His career as a playwright can be seen as divided in 2 parts. The first from 1914-1936. His plays were a standard on Broadway during this period winning the Pulitzer Prize for Drama (1920, 1922, 1928,) and in 1936 the Nobel Prize for Literature, the second American to win. The second part begin in 1946 after a 10 year period where no new plays of his were produced. Then Ice Man Cometh an autobiographical play was produced. It was the first of a number of autobiographical plays he wrote during this second phase of his career. Long Day”s Journey into Night is thought by many to be his best.

He was married 3 times; Kathleen Jenkins (1909–12), Agnes Boulton (1918–29) and Carlotta Monterey (1929–53). He had three children, Eugene Jr with Jenkins and with Boulton Shane and Oona. Oona married Charlie Chaplain at the age of 18. Chaplain was 54. O’Neill disapproved of the marriage and he never saw her again.

After a long illness, which for many years made it difficult to write, O’Neill died in Room 401 of the Sheraton Hotel on Bay State Road in Boston, on November 27, 1953. It is said that while he was dying he whispered “I knew it. I knew it. Born in a hotel room and died in a hotel room.”

Lillian Gish

When Lillian Gish died on February 27, 1993, at the age of 99, the world lost a great actress. She was born in Springfield, Ohio on October 14, 1893 with the birth name of Lillian Diana de Guiche.

Miss Gish’s career started on the stage when she was just six years old. She had a very successful stage career before she found herself making films. She would have a second stage career beginning in the late 1920’s where she was well received by critics and the public.

In 1912 she met D.W. Griffith. Her first film was the Griffith directed The Unseen Enemy. She played the older of two orphaned sisters. The younger sister was played by her real life sister, Dorothy Gish. In 1912 alone she would appear in 12 films for Griffith. By 1915 she had become one of the top stars in the industry and was the star for two of Griffith’s most ambitious projects, The Birth of a Nation and Intolerance.

Miss Gish, from the beginning of ‘sound’ movies until her last film appearance in The Whales of August released in 1987, would appear in many films. Her appearances were always of quality but would be irregular, with long gaps between appearances.

She would receive only one Academy Awards nomination. Her major work was prior to their first ceremony. That nomination came in 1946 for Actress in a Supporting Role in Duel in the Sun. She lost to Anne Baxter in The Razor’s Edge. She would receive a Honorary Award in 1970.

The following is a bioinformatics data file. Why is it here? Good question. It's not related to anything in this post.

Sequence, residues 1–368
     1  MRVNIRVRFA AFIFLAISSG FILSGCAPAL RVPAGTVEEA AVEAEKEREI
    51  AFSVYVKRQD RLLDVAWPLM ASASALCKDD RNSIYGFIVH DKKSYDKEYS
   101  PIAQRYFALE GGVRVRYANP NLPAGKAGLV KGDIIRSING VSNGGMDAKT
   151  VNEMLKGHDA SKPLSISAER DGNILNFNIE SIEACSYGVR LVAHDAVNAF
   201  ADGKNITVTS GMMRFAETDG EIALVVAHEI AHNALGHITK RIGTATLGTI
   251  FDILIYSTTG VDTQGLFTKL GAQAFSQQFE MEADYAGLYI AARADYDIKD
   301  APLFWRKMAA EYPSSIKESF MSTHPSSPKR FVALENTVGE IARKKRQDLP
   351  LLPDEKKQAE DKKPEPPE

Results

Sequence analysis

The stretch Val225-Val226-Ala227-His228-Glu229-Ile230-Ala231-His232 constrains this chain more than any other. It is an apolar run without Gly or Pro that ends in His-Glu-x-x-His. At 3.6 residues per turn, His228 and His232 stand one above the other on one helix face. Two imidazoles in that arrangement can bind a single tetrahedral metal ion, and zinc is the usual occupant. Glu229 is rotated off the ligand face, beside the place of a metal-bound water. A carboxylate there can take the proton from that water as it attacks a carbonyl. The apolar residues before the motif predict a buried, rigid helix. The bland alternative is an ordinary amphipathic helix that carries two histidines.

On June 11, 1976, Bowling Green University dedicated The Gish Film Theater and Gallery. Lillian Gish accepted the honor in person for herself and her sister. Bowling Green University is in Ohio near where the two sisters were born. Lillian Gish received on the next day the honorary degree of Doctor of Performing Arts. Upon her death items from her estate were set to the University, where they are on display.

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Author’s Note:
When it comes to doing things one enjoys, it’s often said that ‘Life gets in the way’. I would say that is exactly what has happened with View From the Shore and 6 Things to Consider. I have been very busy these past couple of months and often doing only the things that I have blocked off time to do on my calendar.

I have now blocked off time for this blog and hope you enjoy. I know that 6 Things to Consider will continue. And I am also looking to post a Photo of the Week of my View from the Shore on Thursday.

Thanks
Steve Atkinson

A Fellowship Published

The classic book by J.R.R. Tolkien The Lord of the Rings was first published as three volumes; The Fellowship of the Ring, The Two Towers and The Return of the King on July 21, 1954, on November 11, 1954 and on October 20, 1955 respectively in the United Kingdom.

The book was created as a single volume and was broken up into sections by the publisher.

When The Fellowship of the Ring was published, an index was promised. However that complete Index and Appendices were not complete until the 1966 revised edition was printed. These Appendices gave a view of the World of Middle-Earth and it’s three Ages that Tolkien began in 1917.

While recovering from “Trench” fever in 1917 Tolkien began work on a tale he called The Fall of Gondolin part of a larger project he would name The Book of Lost Tales. The Lord of the Rings would become part of this world.

While his children were young he began telling them a fairy tale of a Hobbit by the name of Bilbo Baggins who lived in a hole in the ground. With the encouragement of his friend C.S. Lewis, (Lewis would later create his own children tales The Chronicles of Narnia), Tolkien finished The Hobbit tale in 1933. In 1936 the manuscript was shown by a family friend to publisher Stanley Unwin. The Hobbit was published in 1937.